Federal Court

Industrial and Intellectual Property

Likelihood of confusion between applicant’s services and respondent’s wares

This was appeal from board’s decision refusing applicant’s application to register trademark. Applicant operated retail stores that specialized in sale of products including vitamins, nutritional supplements and fitness products. Applicant applied to register trade-mark “Nature’s Source” in association with services including retail store, franchising and e-commerce services. Respondent manufactured and sold healthy snack foods such as cereals, nuts and cookies under trademark “Natursource.” Respondent’s trademark was registered in 1983. Board found that there was likelihood of confusion with respondent’s trademark used in association with retail, franchising, and e-commerce services and refused to register applicant’s trademark. Appeal dismissed. Additional evidence filed by parties was not significant and would not have influenced board’s decision. As additional evidence was not material, standard of review was reasonableness. Question to be asked was whether, as matter of first impression, casual consumer somewhat in hurry who saw applicant’s trademark in association with service of selling various natural products, having no more than imperfect recollection of respondent’s trademark or trade name in association with wares it manufactured, would likely think that applicant’s services were of same source as respondent’s products. Board’s decision fell within range of possible, acceptable outcomes. It was not unreasonable for board to conclude that there was some kind of connection between applicant’s services and respondent’s wares.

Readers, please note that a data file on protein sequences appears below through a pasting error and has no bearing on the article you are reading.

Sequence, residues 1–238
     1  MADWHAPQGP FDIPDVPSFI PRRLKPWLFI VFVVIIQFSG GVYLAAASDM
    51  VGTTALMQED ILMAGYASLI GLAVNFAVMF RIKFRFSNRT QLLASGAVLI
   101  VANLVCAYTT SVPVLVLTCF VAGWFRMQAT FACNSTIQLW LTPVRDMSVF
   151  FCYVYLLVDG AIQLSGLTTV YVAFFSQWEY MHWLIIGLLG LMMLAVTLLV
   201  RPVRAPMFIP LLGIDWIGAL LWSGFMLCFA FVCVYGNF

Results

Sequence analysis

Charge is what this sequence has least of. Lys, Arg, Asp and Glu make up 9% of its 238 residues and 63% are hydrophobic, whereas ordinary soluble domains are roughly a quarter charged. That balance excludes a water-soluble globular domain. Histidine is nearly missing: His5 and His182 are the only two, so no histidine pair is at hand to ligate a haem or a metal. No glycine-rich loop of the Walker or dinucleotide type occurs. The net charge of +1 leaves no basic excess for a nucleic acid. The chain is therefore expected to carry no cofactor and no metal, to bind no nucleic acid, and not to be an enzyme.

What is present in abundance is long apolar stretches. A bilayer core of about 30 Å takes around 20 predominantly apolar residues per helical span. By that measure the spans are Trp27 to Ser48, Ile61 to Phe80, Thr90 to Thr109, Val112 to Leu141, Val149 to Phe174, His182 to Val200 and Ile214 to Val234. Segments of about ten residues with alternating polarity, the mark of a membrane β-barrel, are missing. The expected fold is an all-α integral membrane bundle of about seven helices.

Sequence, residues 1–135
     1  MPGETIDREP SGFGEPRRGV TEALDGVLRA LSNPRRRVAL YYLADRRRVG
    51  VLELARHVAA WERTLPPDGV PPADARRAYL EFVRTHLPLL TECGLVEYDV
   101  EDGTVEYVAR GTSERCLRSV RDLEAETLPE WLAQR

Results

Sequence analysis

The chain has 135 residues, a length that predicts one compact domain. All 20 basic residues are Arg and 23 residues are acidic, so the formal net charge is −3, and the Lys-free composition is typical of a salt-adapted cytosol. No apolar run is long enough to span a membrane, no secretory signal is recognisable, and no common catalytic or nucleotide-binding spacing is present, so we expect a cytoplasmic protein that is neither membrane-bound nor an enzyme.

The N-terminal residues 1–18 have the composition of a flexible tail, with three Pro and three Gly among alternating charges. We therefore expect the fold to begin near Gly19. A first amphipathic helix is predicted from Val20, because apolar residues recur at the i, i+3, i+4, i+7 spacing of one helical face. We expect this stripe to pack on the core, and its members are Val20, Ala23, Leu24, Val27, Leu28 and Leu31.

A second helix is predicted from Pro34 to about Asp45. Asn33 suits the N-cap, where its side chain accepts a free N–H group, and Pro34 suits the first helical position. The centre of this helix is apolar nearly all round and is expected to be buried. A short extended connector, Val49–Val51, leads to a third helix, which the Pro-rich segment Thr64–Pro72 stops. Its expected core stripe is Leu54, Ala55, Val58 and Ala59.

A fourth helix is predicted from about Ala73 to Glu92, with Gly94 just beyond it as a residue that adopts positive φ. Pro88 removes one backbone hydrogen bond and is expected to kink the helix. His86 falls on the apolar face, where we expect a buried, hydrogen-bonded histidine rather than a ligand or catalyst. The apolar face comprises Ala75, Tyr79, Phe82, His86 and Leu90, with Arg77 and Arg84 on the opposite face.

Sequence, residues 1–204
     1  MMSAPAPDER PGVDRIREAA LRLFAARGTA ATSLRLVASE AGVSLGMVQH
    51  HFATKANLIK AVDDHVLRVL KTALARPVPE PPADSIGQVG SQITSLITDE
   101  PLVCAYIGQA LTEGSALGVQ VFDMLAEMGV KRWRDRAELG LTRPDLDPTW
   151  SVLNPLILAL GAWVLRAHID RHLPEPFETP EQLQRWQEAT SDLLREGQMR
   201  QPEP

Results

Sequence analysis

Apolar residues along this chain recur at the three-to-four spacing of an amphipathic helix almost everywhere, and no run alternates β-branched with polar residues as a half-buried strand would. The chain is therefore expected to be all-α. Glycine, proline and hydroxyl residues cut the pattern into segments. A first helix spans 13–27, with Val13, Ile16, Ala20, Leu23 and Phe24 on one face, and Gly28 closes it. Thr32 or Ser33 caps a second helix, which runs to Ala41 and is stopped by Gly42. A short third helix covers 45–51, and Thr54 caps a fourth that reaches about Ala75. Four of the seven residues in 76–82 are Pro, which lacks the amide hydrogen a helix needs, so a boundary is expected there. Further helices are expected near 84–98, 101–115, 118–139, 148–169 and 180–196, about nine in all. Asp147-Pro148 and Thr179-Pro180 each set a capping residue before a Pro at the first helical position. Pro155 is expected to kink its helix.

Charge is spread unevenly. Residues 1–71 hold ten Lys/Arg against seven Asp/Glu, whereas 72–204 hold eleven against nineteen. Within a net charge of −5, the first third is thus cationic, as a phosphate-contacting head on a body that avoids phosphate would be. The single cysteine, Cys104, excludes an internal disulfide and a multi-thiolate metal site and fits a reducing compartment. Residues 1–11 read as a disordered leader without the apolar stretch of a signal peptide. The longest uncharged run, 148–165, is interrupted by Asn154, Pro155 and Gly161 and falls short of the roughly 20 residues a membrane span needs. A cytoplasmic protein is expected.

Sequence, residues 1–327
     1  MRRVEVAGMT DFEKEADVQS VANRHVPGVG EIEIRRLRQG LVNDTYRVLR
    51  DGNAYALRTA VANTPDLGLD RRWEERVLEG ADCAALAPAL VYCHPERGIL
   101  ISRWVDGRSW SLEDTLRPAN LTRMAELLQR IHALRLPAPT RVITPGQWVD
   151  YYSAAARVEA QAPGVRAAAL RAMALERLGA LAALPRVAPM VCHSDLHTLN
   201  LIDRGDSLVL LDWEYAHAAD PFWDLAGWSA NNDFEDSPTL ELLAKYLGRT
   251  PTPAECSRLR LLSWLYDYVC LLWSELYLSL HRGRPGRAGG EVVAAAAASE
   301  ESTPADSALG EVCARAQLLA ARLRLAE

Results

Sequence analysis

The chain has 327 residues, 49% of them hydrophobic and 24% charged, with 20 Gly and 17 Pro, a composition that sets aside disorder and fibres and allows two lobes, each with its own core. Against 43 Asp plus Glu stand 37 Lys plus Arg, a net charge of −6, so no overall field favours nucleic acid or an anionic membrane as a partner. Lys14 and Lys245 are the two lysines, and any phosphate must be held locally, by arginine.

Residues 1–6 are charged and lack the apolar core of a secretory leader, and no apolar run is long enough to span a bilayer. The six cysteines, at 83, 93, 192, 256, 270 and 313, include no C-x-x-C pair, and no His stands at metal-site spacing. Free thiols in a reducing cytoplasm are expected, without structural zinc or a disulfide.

Natursource Inc. v. Nature’s Source Inc. (July 20, 2012, F.C., Bedard J., File No. T-463-09) Decision at 72 C.P.R. (4th) 423 was affirmed. 220 A.C.W.S. (3d) 608.

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